A Review of the Nigerian Energy Industry

Tanzania to reverse VAT on renewable energy technologies

Dar es Salaam City
Dar es Salaam City

15 February 2015, Dar es Salaam – THE government has in principle agreed to reverse its decision to remove all Value Added Tax (VAT) exemptions on renewable energy technologies thanks to lobbying and advocacy by members of the Tanzania Renewable Energy Associations (TAREA).

Speaking at a workshop towards universal access in Tanzania stakeholder consultation, the TAREA Executive Secretary, Mr Matthew Matimbwi, said that when the government last year announced that renewable technologies like solar and wind would be taxed, it was a huge disincentive.

“Since November last year until the end of the parliament session that ended last weekend, we have been engaging the authorities and they have now agreed to reverse their decisions, this is a clear indication of the value renewable energy is currently being given,” he said.

Mr Matimbwi said in addition to the reversion, TAREA has been asked by the government to cooperate with inspectors from the Tanzania Revenue Authority, the Fair Competition Commission and Tanzania Bureau Standards at points of entry to ensure only what is exempted isn’t charged.

He said that he was committed to giving this cooperation such that the inspectors know which is which particularly with devices that already come with accessories such as dry cells.

During the opening of the workshop, the Minister for Energy and Minerals, Mr George Simbachawene said that the development and dissemination of renewable energies was a priority of the country and that technologies such as solar, wind, biomass, hydro and geothermal were being promoted in line with the present National Energy Policy 2003 that is under review.

Mr Simbachawene said that off grid systems offer a quicker and more effective solutions towards closing electricity supply gap and hence faster access expansion, particularly in rural areas.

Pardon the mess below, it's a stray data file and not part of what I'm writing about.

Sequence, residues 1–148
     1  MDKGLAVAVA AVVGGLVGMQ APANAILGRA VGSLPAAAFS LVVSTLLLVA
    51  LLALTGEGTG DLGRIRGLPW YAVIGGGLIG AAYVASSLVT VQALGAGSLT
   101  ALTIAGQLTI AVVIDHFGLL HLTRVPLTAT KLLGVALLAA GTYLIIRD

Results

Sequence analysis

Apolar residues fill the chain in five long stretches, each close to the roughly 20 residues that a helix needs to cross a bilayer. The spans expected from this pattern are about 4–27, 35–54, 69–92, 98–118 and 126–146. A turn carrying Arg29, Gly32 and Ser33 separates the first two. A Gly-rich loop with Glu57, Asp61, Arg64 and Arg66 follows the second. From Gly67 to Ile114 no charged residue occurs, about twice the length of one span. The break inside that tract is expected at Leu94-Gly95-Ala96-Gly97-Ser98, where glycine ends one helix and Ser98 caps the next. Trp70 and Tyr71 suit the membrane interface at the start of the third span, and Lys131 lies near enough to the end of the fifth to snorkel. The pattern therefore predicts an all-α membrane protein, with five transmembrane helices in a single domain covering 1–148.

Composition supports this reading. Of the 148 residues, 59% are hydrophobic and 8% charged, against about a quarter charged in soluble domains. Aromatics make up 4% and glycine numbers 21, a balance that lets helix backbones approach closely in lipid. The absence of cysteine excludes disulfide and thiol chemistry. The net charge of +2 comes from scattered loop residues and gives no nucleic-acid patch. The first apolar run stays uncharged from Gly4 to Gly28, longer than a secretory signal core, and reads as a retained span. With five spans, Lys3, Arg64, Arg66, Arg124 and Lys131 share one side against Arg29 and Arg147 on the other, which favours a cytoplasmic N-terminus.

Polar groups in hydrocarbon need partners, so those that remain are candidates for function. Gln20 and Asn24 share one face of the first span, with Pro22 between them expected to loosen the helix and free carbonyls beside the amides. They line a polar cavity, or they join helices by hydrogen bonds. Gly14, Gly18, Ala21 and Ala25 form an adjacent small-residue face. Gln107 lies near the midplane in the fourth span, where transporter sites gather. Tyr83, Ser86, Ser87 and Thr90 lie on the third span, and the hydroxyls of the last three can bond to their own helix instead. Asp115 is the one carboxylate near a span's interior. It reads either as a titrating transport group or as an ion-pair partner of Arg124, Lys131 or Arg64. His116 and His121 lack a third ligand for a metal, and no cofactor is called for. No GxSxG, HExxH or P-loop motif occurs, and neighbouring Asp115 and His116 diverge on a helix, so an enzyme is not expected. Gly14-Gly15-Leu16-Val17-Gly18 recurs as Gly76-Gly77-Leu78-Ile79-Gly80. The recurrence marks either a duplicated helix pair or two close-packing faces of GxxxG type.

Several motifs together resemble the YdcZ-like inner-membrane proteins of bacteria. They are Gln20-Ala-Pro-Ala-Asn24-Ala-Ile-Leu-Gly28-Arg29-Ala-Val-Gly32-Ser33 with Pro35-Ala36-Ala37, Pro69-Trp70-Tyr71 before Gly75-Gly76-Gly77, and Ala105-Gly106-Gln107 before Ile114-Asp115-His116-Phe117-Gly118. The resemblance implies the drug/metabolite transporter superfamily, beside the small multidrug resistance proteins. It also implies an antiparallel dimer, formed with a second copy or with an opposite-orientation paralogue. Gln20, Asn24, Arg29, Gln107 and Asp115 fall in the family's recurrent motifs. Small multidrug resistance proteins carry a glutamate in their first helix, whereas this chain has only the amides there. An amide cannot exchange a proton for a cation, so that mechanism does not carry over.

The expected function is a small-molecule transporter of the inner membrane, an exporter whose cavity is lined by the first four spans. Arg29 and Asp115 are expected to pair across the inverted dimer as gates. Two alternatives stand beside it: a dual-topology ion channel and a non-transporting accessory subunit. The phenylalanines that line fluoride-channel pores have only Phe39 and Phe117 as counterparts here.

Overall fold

“On the other hand, we must find ways and means of getting alternatives to firewood and charcoal for cooking. Electricity and gas (Liquefied Petroleum Gas, Compressed Natural Gas and biogas) could be practical solutions to this challenge.

Majority of Tanzanians continue to use charcoal and firewood for cooking while electricity connection level is 24 per cent,” he explained.

The Minister said that it was an undeniable fact that energy is a key factor in accelerating socio-economic evolution and energy is also a golden thread that connects economic growth, increased social equity and an environment that allows the world to thrive.

The World Wide Fund for Nature Conservation Manager, Dr Amani Ngusaru said that the workshop that attracted diverse energy stakeholders, is a clear demonstration of how they can participate in solving energy challenges.

Dr Ngusaru said that the objective of the Sustainable Energy for All stakeholder consultation workshop is to discuss best practices amongst energy private sector and civil society groups and deliberate on how stakeholders can meaningfully engage in achieving the Sustainable Energy for All goals in the country.
*Tanzania Daily News

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